If you’re trying to prove that your idea is terrible and will most likely fail, you’re much more likely to spot fatal flaws in the plan, giving you the option to scrap it before it’s too late or bring the necessary changes to make sure it succeeds. Remember that you don’t market your product, you create it.
Quick advice: Some brutally honest questions you might ask potential clients include:
- Why would your organization ever need something like this?
- Is your current method of solving this problem not working very well?
- What are the biggest flaws of this product?
Find a way to keep your day job
If you’re like me and have gobbled up all the successful entrepreneur books after getting the itch, you’ve probably been bombarded with advice to buck the caution and go all out. Do not fall into the trap.
The road to entrepreneurship is littered with the financial wreckage of those who made the mistake of believing they could build a successful business in just a few months. For most entrepreneurs, it takes years to get established, so you should stick to your day job and focus on growing your business during the nights and weekends.
Quick advice: You don’t need a lot of time to start working on the business. Just find a time each day, maybe first thing in the morning or after work is done, to start fleshing out your idea and developing your product. After a few months, those hours add up. Slowly but surely, we are succeeding.
Over-planning is a crippling disease that strikes just about every entrepreneur. We want to plot our steps before taking them, but that’s just impossible to do. Action is the only thing that matters when you’re an entrepreneur.
Before you act, you are in a place of ignorance. You have no idea what kind of externalities or obstacles you will encounter when taking action, so plans made at this stage tend to be pointless. After taking action, you have a ton of information and can plot your next step.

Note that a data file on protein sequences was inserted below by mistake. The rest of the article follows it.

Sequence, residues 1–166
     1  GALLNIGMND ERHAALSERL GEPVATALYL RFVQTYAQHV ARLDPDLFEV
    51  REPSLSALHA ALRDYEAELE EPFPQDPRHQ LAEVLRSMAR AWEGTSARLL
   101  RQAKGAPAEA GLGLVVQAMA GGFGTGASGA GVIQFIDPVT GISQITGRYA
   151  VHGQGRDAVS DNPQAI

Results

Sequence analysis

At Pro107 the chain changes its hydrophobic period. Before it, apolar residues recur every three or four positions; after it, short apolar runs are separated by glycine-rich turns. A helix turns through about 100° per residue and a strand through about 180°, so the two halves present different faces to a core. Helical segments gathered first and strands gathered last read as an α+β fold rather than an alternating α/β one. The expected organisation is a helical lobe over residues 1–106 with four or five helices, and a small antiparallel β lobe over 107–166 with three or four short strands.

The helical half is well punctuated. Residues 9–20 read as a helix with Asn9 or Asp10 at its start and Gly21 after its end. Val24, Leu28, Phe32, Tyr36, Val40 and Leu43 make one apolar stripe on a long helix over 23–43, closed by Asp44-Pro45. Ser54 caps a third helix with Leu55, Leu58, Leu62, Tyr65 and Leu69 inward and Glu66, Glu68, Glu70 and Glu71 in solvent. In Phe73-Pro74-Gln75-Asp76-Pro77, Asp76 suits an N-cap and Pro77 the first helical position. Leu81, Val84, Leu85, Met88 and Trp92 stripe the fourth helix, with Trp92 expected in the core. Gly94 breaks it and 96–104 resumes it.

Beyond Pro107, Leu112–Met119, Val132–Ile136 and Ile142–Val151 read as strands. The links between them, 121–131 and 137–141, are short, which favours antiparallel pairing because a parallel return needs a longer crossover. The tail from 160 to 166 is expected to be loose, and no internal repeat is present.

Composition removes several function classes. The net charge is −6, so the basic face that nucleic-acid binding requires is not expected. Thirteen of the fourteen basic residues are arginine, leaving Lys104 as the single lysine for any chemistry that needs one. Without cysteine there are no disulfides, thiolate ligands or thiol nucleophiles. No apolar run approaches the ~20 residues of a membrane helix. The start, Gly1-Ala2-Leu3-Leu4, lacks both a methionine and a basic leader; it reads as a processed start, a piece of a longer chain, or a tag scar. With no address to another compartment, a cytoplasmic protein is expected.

Quick advice: Identify an important milestone to achieve this week. You will be tempted to look at all of your actions and try to do too much, leaving yourself overwhelmed by the process. Instead, identify a milestone that would bring you closer to your goal and focus only on that this week. Then repeat the process next week. When you take a big step, the next logical step becomes obvious.
Adjust, adjust, modify
Starting an online business is a constant journey of adjustment. As you get new information, you will need to modify your plan. Where you will find yourself in six months will be nothing like where you expected. And that’s OK.
Be flexible and ready to change your plans each week. Think of your business as a ship sailing to a distant point on the horizon. From time to time, you can deviate from your trajectory. But as long as you regularly correct your direction, you will arrive at your destination. It’s so much better than sitting on the shore for months trying to come up with the perfect plan.
Quick advice: Get a mentor to help you along the way. If you’re having trouble, you’ll be grateful to have an experienced contractor who’s been down this road before and can help you identify the next action to take. This can be someone you know or you can contact your local small business development center to find one.
As long as you’re careful, it’s a worthwhile trip
Despite its reputation, entrepreneurship is not the place of recklessness. However, just because there are risks and you won’t become a billionaire overnight doesn’t mean it’s not a way to go. Developing a new product is exciting and fun, and it gives you something to look forward to.
As long as you temper your expectations and make smart decisions, entrepreneurship is a fulfilling business. After all, even if it takes you years, wouldn’t you agree that a successful business is worth it?